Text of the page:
The Prime Minister provides a high level overview of Budget 2013.
Prime Minister John Key today released the latest Indicators and Progress Report for the Government’s Tackling Methamphetamine Action Plan, and says while the picture of methamphetamine (P) supply in New Zealand remains a complex one, the efforts of law enforcement agencies are continuing to produce positive signs.
“When the Government began this plan in 2009, New Zealand had one of the highest prevalence rates of P use in the world, with 2.1 per cent of the population using the drug. The latest data shows this rate has more than halved to 0.9 per cent.
“While this is positive, the reality is there are still around 25,000 longer-term, heavy users of the drug, who are locked in a cycle of dependence, causing misery and angst for them, their families and loved ones,” says Mr Key.
“Support for P users through both the justice and health systems is available. Waiting times for community alcohol and drug services have steadily been improving, and are markedly better than in 2009.
“The Alcohol and Other Drug Treatment Court Pilot began at the end of last year in the Auckland and Waitakere District Courts, and the Department of Corrections has increased the number of treatment places available to prisoners with drug and alcohol problems to over 1,000.”
Mr Key says a process for allocating money forfeited to the Crown under the Criminal Proceeds (Recovery) Act and earmarked to fund drug and alcohol rehabilitation initiatives will be in place later this year.
“It is expected around $8 million will initially be available for these initiatives, as well as for targeted law enforcement tools for Customs and Police.”
Mr Key says there are other encouraging signs, including the rise in the price of a point of P, and suggestions the purity of P is declining.
“Since this plan was established, the price of P has remained relatively high, which indicates officials’ efforts to squeeze the P trade is having an effect. However, this report also shows the price for larger quantities of P is decreasing. While this emerging trend isn’t borne out by latest Police and Customs intelligence, it’s an indicator that needs to be closely watched in the coming months.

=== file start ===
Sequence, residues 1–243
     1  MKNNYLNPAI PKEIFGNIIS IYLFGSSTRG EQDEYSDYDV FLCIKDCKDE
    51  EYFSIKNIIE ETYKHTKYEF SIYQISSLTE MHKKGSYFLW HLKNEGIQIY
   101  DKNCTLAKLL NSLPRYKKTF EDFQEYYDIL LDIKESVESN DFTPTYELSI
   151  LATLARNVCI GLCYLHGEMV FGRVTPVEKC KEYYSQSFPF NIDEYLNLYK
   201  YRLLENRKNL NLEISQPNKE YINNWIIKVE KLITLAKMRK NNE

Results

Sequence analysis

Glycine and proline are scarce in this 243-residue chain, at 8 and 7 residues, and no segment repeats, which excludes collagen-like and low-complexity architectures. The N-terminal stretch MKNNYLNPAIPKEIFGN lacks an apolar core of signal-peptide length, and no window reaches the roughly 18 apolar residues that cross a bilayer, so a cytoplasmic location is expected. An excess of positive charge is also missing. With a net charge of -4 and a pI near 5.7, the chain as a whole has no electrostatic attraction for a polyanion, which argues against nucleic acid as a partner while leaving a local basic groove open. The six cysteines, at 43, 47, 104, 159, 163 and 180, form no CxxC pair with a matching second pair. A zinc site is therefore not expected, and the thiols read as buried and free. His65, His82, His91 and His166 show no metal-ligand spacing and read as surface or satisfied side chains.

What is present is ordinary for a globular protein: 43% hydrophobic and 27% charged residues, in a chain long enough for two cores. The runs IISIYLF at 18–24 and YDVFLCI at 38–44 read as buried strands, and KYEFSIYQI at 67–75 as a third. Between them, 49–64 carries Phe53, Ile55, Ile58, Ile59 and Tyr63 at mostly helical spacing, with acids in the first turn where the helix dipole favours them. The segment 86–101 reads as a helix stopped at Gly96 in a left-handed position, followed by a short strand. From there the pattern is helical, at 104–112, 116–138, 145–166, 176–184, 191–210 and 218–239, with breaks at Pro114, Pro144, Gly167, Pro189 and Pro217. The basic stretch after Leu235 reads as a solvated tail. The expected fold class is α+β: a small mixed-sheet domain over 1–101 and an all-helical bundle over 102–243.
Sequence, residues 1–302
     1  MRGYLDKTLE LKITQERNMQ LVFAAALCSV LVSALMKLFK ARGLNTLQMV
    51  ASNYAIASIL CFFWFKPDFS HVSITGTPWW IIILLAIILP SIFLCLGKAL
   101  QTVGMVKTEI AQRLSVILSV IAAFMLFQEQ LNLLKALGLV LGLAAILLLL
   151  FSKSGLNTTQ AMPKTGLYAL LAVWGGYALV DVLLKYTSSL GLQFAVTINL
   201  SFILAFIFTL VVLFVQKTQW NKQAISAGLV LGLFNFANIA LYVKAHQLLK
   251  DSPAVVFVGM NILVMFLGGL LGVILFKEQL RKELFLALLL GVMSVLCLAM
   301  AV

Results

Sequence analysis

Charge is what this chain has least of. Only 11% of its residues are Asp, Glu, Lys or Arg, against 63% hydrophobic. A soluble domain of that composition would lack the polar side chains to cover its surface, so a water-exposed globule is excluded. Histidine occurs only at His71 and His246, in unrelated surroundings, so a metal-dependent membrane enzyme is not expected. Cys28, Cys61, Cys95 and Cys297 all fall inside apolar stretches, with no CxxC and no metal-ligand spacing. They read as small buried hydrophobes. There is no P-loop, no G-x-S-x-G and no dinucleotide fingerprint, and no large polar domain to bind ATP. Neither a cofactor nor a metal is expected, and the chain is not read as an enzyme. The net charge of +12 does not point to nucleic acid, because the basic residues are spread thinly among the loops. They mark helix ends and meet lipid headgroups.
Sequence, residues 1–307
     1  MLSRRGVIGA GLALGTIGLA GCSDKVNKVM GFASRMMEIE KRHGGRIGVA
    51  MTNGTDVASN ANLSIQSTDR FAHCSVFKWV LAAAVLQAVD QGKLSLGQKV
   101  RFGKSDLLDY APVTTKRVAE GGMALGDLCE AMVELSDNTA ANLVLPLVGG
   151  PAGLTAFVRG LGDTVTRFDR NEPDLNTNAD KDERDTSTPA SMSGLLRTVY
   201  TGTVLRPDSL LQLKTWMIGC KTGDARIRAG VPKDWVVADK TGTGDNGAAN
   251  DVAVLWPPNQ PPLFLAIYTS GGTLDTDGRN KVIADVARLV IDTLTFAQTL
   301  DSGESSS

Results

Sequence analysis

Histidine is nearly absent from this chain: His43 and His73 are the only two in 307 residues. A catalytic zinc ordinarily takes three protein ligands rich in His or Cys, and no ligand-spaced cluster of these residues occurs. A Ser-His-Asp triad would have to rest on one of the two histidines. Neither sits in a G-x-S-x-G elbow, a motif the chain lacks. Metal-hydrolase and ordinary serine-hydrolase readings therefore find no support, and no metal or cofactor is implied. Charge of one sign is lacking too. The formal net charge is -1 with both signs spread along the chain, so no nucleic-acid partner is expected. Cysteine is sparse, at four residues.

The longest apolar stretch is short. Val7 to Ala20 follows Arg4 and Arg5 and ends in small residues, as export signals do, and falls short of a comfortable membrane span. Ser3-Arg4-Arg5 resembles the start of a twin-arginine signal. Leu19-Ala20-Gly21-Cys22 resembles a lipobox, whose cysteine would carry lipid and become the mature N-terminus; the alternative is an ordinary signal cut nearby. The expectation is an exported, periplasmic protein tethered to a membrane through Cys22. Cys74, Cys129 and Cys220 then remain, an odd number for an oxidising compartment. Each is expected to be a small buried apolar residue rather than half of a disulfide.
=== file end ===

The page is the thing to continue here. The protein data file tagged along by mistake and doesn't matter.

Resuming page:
“It’s vital law enforcement agencies continue to be vigilant in this area and continue to apply pressure to those manufacturing and trading in this illegal drug,” says Mr Key.
The report is available at:
The National-led Government's fifth Budget, which we released to New Zealand last week, has been extremely well received. That's because it delivers in the areas that matter, and it supports our families who need it most.
When I spoke in Parliament on the Budget last week, it was great to have the chance to talk about our success in Government. I also took the Opportunity to point out that the opposition have adopted our mixed ownership policy as their own.
Watch my latest video to see exactly what I said.
Budget 2013 builds on the momentum created by the previous four Budgets across the Government’s wide-ranging programme, Prime Minister John Key says.
“Every Budget since 2009 has been presented against the backdrop of extremely challenging economic conditions.
“In particular, the global financial crisis, the Christchurch earthquakes and ongoing uncertainty around the world have affected most New Zealand households and businesses.
“While those challenges remain, improvements across a range of indicators and improving confidence among New Zealanders mean Budget 2013 has been prepared with a fresh sense of optimism,” Mr Key says.
“Growth is better than in most other developed countries, we are on track to surplus in 2014/15, and we are investing in programmes that will support jobs and deliver better public services.”
A feature of the Budget is a $100 million-a-year internationally-focused growth package, providing extra research and development assistance to businesses, additional funding for tourism, and more resources for marketing New Zealand to international students.
“This important initiative acknowledges New Zealand’s need to pay its way in the world through increased trade and investment if we are to create jobs and opportunities for hard-working Kiwis here in New Zealand,” Mr Key says.
“As I announced last month, within this package $158 million over four years will provide a significant boost for overseas tourism marketing, particularly in emerging and high-value markets, and $40 million over four years will be used to encourage and foster international education.
“In addition, science and innovation funding will be increased by $50 million a year. This takes the Government’s annual investment in research and development for 2013/14 to a record $1.36 billion.”
Mr Key says many other developed countries are still struggling with too much debt, little or no growth, or a combination of both.
“My Government does not want that for New Zealand.
“Budget 2013 sets out the next steps in our long-term programme, which we started after we were first elected in 2008, to ensure that we have a brighter future in this country.
“Momentum is building towards a stronger, more stable, economy that can again weather global storms and deliver opportunities, higher incomes, and more jobs for New Zealanders,” Mr Key says.Tweet